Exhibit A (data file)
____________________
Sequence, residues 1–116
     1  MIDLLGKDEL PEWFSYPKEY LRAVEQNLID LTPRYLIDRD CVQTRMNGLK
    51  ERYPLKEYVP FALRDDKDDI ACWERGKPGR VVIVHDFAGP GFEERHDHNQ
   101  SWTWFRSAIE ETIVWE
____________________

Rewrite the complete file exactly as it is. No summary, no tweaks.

Sequence, residues 1–116
     1  MIDLLGKDEL PEWFSYPKEY LRAVEQNLID LTPRYLIDRD CVQTRMNGLK
    51  ERYPLKEYVP FALRDDKDDI ACWERGKPGR VVIVHDFAGP GFEERHDHNQ
   101  SWTWFRSAIE ETIVWE